The Big Picture

Government of Liberia Bureau of Immigration officials register asylum-seekers from Côte d’Ivoire in the town of Loguatuo, in Nimba County. © UNICEF/NYHQ2010-2753/Bill Diggs


What are human rights? 

Human rights are fundamental rights and freedoms to which every human being is entitled. These rights include individual, political, civil, spiritual, social, economic and cultural rights that help us to develop to our fullest potential.

Human rights are universal – they apply to all people, everywhere. You do not have human rights because of your citizenship, race, sex, language, or religion, but because you are a human being. They are also indivisible – no rights are more important than others. You cannot be granted only some rights, while others are denied.

How did rights come about? 

The concept of human rights has been around for a long time, and we can trace ideas about universal human rights back to ancient cultures, the world’s major religions, and many philosophers. But it was not until 1948 and the adoption of the Universal Declaration of Human Rights that we got an internationally recognized definition of these rights.

In 1945, after the Second World War, world leaders gathered in San Francisco with the goal of creating a global organization that would work for peace and promote cooperation between countries. There, the United Nations was founded with a Charter (a guiding document) that committed all member states to promote "universal respect for, and observance of, human rights and fundamental freedoms for all without distinction as to race, sex, language, or religion."

However, many people felt that a better definition of human rights was needed – something that would make it clear for to governments, the United Nations and all people what having human rights actually are. In 1946, the United Nations established a committee to look into this, and after two years of drafting and negotiating the Universal Declaration of Human Rights was adopted.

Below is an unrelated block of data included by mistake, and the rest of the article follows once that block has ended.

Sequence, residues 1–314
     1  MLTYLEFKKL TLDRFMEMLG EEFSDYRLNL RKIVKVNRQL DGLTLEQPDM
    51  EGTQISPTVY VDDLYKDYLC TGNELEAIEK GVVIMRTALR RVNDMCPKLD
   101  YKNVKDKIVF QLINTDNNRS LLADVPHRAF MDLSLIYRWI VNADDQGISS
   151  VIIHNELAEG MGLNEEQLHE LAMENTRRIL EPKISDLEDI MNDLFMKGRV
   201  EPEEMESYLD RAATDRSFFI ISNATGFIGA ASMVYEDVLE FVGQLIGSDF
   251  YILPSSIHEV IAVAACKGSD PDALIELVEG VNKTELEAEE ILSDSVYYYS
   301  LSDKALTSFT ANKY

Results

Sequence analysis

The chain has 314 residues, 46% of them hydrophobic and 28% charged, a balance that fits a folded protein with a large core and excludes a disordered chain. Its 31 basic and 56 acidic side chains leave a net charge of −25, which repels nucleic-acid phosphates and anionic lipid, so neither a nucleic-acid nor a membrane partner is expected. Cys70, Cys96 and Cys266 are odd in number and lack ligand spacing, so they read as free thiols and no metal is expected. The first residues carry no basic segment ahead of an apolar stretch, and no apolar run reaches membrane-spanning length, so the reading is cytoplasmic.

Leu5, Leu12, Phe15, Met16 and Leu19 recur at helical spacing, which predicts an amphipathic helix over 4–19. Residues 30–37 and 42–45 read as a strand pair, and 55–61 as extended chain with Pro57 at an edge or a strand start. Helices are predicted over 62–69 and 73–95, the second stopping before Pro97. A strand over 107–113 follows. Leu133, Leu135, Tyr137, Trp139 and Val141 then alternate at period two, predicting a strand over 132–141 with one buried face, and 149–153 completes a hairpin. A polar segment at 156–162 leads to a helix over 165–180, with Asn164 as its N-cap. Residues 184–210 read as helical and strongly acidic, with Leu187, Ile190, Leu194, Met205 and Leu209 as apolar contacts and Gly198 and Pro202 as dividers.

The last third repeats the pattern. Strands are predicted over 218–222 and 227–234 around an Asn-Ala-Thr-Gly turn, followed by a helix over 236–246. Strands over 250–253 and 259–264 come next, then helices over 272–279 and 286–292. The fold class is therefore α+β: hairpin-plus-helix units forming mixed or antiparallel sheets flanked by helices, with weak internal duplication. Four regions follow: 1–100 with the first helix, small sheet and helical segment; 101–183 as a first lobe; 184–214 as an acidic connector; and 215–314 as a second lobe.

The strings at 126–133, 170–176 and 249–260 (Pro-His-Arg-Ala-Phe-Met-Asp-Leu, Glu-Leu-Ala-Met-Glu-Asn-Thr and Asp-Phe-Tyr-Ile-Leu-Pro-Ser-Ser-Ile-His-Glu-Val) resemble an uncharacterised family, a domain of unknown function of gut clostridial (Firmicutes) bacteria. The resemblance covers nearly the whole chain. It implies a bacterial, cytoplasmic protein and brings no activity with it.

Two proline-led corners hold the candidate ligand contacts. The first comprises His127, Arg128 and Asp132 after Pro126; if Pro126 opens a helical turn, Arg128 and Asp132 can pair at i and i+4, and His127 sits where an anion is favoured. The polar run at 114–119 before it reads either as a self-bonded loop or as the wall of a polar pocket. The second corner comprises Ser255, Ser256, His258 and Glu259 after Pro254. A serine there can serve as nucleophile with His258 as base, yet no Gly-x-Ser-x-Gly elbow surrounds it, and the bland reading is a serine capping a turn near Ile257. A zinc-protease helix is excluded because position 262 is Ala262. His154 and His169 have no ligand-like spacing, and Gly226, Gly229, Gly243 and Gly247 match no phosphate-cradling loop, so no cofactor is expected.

What rights do people have? 

The Declaration contains a preamble and 30 articles that spell out the rights of all people. They cover: 
  • Individual rights – you have the right to life and liberty, to be free from slavery and torture, and equality before the law. 
  • Civil and political rights – you have the right to a nationality, to freedom of movement, to form a family and to own property. 
  • Spiritual and public rights – you have the right to freedom of thought and religion, to freedom of opinion and expression, and to access public services. 
  • Economic, social and cultural rights – you have to the right to an adequate standard of living, to get an education, to work and to participate in cultural activities. 

The Declaration in itself is not a legally binding document, but it has become what is known as “customary international law”. That is, when enough states begin to behave as though something is law, it becomes law "by use." The Declaration is also the foundation for a number of human rights treaties that have been adopted since 1948, for example the Convention on the Rights of the Child.

You can read more about the Declaration and other human rights treaties on the website of the UN High Commissioner for Human Rights at: http://www2.ohchr.org/english/law/

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